Last Thursday ...
I'm in the waiting room of a urologist office. The other seven people in the
waiting room are old. Actually most appear to be within five years of my age.
Because of my MS, I walk with a limp, so I probably look as old as they do,
especially the two with walkers.
I really would like to own my age. I'd like to be proud of it, brag about it,
show the world that age is just a number. My ego won't let me. At least not
Is this bad? Is it unusual?
They say 50 is the new 30. Or 60 is the new 40. My favorite numeric analogy,
however, comes from Joann Jenkins, CEO of AARP. She says 50 if the new 50. In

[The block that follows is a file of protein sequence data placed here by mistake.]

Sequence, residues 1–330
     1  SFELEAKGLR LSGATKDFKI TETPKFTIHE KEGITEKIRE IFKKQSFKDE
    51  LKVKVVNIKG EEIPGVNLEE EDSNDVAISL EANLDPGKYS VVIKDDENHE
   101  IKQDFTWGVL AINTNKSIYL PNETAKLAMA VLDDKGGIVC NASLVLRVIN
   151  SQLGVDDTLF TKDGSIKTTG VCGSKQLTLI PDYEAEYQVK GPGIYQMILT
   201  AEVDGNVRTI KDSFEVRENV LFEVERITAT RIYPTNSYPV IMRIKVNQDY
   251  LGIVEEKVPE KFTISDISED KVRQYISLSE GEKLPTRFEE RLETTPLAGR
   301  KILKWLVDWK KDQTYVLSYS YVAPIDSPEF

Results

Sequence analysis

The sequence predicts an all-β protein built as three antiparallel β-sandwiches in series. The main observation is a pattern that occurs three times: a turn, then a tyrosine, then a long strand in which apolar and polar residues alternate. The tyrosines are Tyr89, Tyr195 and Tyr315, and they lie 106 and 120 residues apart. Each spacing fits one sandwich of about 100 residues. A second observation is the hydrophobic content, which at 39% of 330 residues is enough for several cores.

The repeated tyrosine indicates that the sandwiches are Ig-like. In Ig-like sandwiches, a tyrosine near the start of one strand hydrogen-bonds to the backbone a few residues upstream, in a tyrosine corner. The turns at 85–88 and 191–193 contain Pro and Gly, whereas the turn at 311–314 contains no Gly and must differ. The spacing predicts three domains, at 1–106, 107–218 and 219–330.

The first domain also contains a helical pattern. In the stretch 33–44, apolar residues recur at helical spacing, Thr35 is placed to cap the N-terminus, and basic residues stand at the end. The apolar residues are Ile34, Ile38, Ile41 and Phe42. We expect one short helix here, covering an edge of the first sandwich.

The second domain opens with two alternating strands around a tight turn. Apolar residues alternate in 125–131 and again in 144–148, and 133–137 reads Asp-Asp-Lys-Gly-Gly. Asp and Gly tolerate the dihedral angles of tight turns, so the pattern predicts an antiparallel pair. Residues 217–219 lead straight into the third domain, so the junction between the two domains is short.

other words, according to her book Disrupt Aging, we need to redefine what it
means to be 50. Or any other age we refer to as 'old'.
Scroll back a few dozen posts and you'll see I talked about her book once.
Maybe I need to reread it. Except for my MS, I'm as healthy and mentally sharp
as I was at 40. And ten times more experienced and confident.
Time for me ... and maybe you ... to disrupt aging and change the definition of
what it means to be old. Aging isn't for the feint of heart. And our 60 isn't
your daddy's 60.